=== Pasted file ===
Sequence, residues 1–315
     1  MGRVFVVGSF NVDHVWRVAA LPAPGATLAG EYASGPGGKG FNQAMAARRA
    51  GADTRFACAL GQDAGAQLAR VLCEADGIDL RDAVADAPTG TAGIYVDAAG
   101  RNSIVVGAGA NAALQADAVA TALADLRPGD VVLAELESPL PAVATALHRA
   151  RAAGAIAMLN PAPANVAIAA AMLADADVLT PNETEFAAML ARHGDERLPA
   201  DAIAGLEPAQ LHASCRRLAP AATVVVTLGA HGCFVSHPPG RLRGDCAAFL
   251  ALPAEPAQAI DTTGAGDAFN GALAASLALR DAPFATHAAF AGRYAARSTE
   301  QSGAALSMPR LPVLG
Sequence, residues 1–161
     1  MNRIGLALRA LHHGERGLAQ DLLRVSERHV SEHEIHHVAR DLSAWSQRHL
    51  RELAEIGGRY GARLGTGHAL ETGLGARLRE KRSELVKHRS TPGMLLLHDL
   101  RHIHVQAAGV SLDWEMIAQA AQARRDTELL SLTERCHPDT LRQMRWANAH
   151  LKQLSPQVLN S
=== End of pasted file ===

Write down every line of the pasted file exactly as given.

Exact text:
Sequence, residues 1–315
     1  MGRVFVVGSF NVDHVWRVAA LPAPGATLAG EYASGPGGKG FNQAMAARRA
    51  GADTRFACAL GQDAGAQLAR VLCEADGIDL RDAVADAPTG TAGIYVDAAG
   101  RNSIVVGAGA NAALQADAVA TALADLRPGD VVLAELESPL PAVATALHRA
   151  RAAGAIAMLN PAPANVAIAA AMLADADVLT PNETEFAAML ARHGDERLPA
   201  DAIAGLEPAQ LHASCRRLAP AATVVVTLGA HGCFVSHPPG RLRGDCAAFL
   251  ALPAEPAQAI DTTGAGDAFN GALAASLALR DAPFATHAAF AGRYAARSTE
   301  QSGAALSMPR LPVLG
Sequence, residues 1–161
     1  MNRIGLALRA LHHGERGLAQ DLLRVSERHV SEHEIHHVAR DLSAWSQRHL
    51  RELAEIGGRY GARLGTGHAL ETGLGARLRE KRSELVKHRS TPGMLLLHDL
   101  RHIHVQAAGV SLDWEMIAQA AQARRDTELL SLTERCHPDT LRQMRWANAH
   151  LKQLSPQVLN S